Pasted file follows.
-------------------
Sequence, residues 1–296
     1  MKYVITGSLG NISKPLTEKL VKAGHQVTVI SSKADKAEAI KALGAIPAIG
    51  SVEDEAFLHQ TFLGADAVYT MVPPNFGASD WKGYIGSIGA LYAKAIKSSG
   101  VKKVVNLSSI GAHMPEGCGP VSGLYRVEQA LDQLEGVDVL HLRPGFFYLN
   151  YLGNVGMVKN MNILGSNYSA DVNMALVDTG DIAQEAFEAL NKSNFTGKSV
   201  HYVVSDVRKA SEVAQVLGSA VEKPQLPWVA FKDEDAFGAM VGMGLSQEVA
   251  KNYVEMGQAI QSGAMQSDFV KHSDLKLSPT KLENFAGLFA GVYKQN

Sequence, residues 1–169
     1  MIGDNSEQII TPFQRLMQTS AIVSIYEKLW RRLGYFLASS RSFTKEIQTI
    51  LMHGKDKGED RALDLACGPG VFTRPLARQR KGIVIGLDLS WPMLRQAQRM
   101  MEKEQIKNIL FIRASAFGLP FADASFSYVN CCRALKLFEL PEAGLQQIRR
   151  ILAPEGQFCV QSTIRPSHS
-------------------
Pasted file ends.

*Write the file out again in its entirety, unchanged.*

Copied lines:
Sequence, residues 1–296
     1  MKYVITGSLG NISKPLTEKL VKAGHQVTVI SSKADKAEAI KALGAIPAIG
    51  SVEDEAFLHQ TFLGADAVYT MVPPNFGASD WKGYIGSIGA LYAKAIKSSG
   101  VKKVVNLSSI GAHMPEGCGP VSGLYRVEQA LDQLEGVDVL HLRPGFFYLN
   151  YLGNVGMVKN MNILGSNYSA DVNMALVDTG DIAQEAFEAL NKSNFTGKSV
   201  HYVVSDVRKA SEVAQVLGSA VEKPQLPWVA FKDEDAFGAM VGMGLSQEVA
   251  KNYVEMGQAI QSGAMQSDFV KHSDLKLSPT KLENFAGLFA GVYKQN

Sequence, residues 1–169
     1  MIGDNSEQII TPFQRLMQTS AIVSIYEKLW RRLGYFLASS RSFTKEIQTI
    51  LMHGKDKGED RALDLACGPG VFTRPLARQR KGIVIGLDLS WPMLRQAQRM
   101  MEKEQIKNIL FIRASAFGLP FADASFSYVN CCRALKLFEL PEAGLQQIRR
   151  ILAPEGQFCV QSTIRPSHS